Binary heap (Scheme)
This is an implementation of a binary min-heap that uses a user-supplied comparison predicate so it can hold different types of elements.
We'll use an array representation of the binary heap; scheme vectors are heterogenous. We also have to store the current heap size and the heap comparison predicate. So our heap data structure will be a three-element vector: a comparison predicate, the array holding the heap's elements and a number representing the heap size. The choice of a vector instead of a fancier record type ensures R5RS standard compliance.
First, some convenient accessor and utility functions for our heap data structure:
(define (heap-size heap) (vector-ref heap 2)) (define (heap-vect heap) (vector-ref heap 1)) (define (heap-read heap) (vector-ref (vector-ref heap 1) 0)) (define (heap-< heap index1 index2) (let ((vect (heap-vect heap))) ((vector-ref heap 0) (vector-ref vect index1) (vector-ref vect index2)))) (define (heap-swap! heap index1 index2) (let* ((vect (heap-vect heap)) (val1 (vector-ref vect index1))) (begin (vector-set! vect index1 (vector-ref vect index2)) (vector-set! vect index2 val1))))
The heap-< function lets us conveniently compare elements by their index.
Our heap implementation must take care of managing the vector representation of the heap, so we provide a vector-resize function so our heap can grow:
(define (vector-resize vect new-size) (define (overwrite-vector alist avector position) (if (null? alist) avector (begin (vector-set! avector position (car alist)) (overwrite-vector (cdr alist) avector (+ position 1))))) (overwrite-vector (vector->list vect) (make-vector new-size) 0))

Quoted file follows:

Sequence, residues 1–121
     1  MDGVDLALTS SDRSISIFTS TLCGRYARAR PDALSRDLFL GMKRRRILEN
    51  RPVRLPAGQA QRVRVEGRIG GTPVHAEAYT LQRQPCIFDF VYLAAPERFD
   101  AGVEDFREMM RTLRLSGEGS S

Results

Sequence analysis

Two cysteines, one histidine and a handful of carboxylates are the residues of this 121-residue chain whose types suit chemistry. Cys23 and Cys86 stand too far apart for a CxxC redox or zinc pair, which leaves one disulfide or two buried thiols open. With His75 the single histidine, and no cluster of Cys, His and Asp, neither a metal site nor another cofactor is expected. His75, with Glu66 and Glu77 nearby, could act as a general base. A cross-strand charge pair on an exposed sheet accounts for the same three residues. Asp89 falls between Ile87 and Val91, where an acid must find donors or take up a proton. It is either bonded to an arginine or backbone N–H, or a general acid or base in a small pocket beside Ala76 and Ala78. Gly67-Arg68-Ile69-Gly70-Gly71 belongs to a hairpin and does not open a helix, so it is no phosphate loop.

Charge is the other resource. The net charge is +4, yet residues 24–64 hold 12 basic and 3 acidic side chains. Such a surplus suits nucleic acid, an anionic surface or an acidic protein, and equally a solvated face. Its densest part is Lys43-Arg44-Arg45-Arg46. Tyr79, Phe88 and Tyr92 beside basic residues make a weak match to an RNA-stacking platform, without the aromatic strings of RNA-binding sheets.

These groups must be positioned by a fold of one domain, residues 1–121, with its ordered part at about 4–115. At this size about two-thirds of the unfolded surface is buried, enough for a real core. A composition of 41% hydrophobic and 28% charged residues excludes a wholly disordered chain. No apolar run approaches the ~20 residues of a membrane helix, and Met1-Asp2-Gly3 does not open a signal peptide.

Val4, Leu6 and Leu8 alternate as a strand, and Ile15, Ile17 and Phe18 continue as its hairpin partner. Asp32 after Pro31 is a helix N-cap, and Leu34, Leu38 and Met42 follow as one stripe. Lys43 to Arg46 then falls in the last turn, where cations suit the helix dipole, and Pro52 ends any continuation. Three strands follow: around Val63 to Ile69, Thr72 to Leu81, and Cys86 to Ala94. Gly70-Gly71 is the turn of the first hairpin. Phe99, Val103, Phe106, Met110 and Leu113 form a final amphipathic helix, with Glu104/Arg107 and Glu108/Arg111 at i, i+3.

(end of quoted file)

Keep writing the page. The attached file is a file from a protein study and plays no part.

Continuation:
With the preliminaries out of the way, we can implement the actual heap. Our heap will support two operations: heap insertion and root deletion.
Heap insertion is accomplished by adding the element at the bottom of the heap and moving it up until the heap property is satisfied (that is, until its parent is smaller than itself).
So we need a function that, given a position in the heap, checks to see if the heap property holds for it and its parent. If it doesn't, it swaps the element at this position with its parent, moving it up, and repeats this until the heap property is satisfied.
The heap property is satisfied if:
1) The element is at the root position (has no parent). 2) The element is larger than its parent.
The code IS redundant, but prevents an infinite loop if the predicate is <= instead of <. Suggestions?
(define (heap-move-up heap position) (let ((parent (quotient (- position 1) 2))) (cond ((or (= position 0) (heap-< heap parent position)) 'end-move-up) ((heap-< heap position parent) (begin (heap-swap! heap position parent) (heap-move-up heap parent))) (else 'end-move-up))))
Once we have this function, insertion is easy: we first check to see if the array holding our heap is big enough to accomodate the new element. If it isn't, we resize it to twice its old size (the + 1 copes with with the size=0 initial case).
Then we insert the new element at the last position in the heap, update the heap size, and call the heap-move-up function to restore the heap structure.